The Suicidal Tendencies of Sheep and A Dog Called The Hoff

Mon 12th – Sat 24th August 2013


Samuel Graydon

at 22:44 on 13th Aug 2013



This play intricately mingles the comic and tragic from a refreshingly realistic standpoint. It is, for the most part, very much like simply sitting and watching a group of youthful men talk. The set is matched very well, and looks just as the scummy hotel room required of it. What is said is believable to a tee, down to the last excessive swear word. In the comic scenes, however, the affection of this realistic attitude does, on occasion, fall down, and somewhat crack the veneer of this otherwise polished performance.

For the more serious, tragic elements of the play are done well, with the actors presenting their arguments and fears with verve. In fact, generally, the acting admirably suited the scene, and the actors, with understandable ease, inhabited the psyches of young and outspoken men.

The trouble is that these touching moments are better than much of the comic elements of the production. There are, as the title suggests, parts where the laughs are fast and inventive. Yet, they do not come as fast as one would want and, indeed, the jokes are certainly not as zany as the title would suggest. Moreover, there are occasions when the humour and the more serious emotions do not always juxtapose quite as harmoniously as one would expect.

Saying this however, the story held my attention, and there are more turns and twists in the plot than I imagine anyone would expect from four men stranded in a hotel room talking of death and semen stains.

Perhaps it was because of the engaging nature of the story that I felt a little cheated by the ending, which does not quite have the overall conclusion that one expects. It is certainly no bad thing that I wanted the play to continue, but it is certainly no good thing that I did not realise it had finished.

The play is certainly entertaining, and, more so, does make one think deeply about the nature of friendship. Yet, in this end, it is more successful in its poignancy than in its humour, and this does, unfortunately, detract from what is, in places, a good and enjoyable play.


Victoria Ibbett

at 10:53 on 14th Aug 2013



Four young men climb the steps of a mouldering hotel to share a holiday-let in Edinburgh during the Festival. There’s only one problem: they can’t get back out. Trapped within a single room, the fault-lines of their relationships are thrown into relief against a backdrop of juvenile mortality and assorted love affairs. ;The Suicidal Tendencies of Sheep and a Dog named The Hoff' succeeds in reinvigorating a predictable format, but its stop-start pace betrays a distracting lack of confidence.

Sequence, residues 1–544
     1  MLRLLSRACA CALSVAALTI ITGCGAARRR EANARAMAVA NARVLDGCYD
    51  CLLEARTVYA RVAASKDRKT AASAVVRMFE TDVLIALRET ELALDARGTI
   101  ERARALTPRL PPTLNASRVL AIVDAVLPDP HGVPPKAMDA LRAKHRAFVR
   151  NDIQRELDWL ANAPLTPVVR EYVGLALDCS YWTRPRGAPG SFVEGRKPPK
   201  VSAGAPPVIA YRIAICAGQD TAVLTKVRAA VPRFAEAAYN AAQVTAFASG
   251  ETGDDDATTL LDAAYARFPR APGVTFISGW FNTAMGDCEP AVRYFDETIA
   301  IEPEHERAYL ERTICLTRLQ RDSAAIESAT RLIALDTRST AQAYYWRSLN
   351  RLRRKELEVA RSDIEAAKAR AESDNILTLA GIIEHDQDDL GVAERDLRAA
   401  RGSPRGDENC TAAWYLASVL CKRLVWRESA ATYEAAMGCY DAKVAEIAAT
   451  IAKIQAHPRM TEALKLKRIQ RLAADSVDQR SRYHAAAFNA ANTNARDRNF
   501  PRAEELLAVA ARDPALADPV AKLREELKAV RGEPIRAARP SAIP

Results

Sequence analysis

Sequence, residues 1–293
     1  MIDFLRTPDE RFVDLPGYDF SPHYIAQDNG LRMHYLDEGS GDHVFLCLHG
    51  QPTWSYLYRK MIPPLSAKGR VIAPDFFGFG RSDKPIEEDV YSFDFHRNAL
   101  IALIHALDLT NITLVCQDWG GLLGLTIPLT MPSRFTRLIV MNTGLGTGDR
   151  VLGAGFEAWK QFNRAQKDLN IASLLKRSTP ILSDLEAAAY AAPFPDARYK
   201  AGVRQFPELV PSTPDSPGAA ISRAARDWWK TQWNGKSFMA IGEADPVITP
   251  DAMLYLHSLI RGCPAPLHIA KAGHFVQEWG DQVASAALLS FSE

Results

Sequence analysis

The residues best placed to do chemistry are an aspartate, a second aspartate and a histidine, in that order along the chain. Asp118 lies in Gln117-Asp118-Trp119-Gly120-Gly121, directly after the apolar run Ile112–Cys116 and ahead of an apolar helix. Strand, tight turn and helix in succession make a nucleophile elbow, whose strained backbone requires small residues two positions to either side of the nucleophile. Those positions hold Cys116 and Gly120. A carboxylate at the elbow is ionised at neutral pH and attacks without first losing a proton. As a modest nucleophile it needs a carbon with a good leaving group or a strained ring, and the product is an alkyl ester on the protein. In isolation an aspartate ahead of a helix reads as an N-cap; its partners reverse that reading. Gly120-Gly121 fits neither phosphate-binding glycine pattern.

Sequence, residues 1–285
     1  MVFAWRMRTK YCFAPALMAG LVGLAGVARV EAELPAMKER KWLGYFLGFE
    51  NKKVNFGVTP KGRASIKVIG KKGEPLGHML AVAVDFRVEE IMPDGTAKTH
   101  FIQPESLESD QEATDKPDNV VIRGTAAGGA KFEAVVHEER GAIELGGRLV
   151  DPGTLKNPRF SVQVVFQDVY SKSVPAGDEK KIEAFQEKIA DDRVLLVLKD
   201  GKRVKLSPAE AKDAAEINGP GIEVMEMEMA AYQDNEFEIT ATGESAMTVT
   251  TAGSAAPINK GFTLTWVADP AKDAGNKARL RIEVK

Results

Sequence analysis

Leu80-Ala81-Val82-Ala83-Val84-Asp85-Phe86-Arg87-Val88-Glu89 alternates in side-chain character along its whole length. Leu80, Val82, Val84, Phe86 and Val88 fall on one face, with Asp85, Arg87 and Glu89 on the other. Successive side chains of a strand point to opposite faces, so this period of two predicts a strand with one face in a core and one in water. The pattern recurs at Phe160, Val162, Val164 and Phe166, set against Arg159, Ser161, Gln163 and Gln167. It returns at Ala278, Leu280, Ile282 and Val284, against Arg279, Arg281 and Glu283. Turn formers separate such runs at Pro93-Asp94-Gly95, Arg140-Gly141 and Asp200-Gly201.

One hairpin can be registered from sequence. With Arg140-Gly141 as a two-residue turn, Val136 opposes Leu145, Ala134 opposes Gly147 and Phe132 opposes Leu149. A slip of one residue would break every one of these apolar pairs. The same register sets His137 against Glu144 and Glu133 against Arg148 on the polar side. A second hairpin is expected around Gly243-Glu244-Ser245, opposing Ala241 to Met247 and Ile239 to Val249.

Just Like The Precipitation is a new Scottish theatre company and this is their first ever show at the Fringe. With this in mind, it is with extra enthusiasm that I commend the script of 'Suicidal Tendencies' as being very good. It is clear that this is where the show derived its chief stimulus to originality. Handled well by the cast, the script achieved both genuine humour and indisputable pathos.

However, for every moment that I succeeded in suspending my disbelief, there were too many moments where the cast let the play down by handling it poorly. Delivery was occasionally imprecise and hesitant, and there were too many lines that smacked of habit and failed to achieve the spontaneity of spoken discourse. To be rudely plonked back into my chair, feeling again the pen between my fingers… I too often failed to be convincingly transported into the stuffy Edinburgh hotel room where these characters disputed, commiserated and wallowed.

These were lapses, though, and possibly variable from show to show. More stable commendation is deserved by the director, whose name does not appear on the publicity material. The blocking was adequate, erring towards intelligent. The small stage space, easily cramped by the long-limbed Alaister (Chris MacFarlane), was aesthetically handled for the most part: two interchangeable actors remaining seated on the floor of the stage at most times to create a multi-layered focus. The use of off-stage vocals – the faulty door being located down an out-of-sight passage – was comprehensively amusing and well-timed.

I would certainly recommend this show for the lazy-afternoon variety of Fringe-goer. This is not a must-see and nor is it a quirky show to suit niche-interest. 'Suicidal Tendencies' works and it satisfies, but it doesn’t leave you thinking despite the ‘big theme’ backdrop of the plot.


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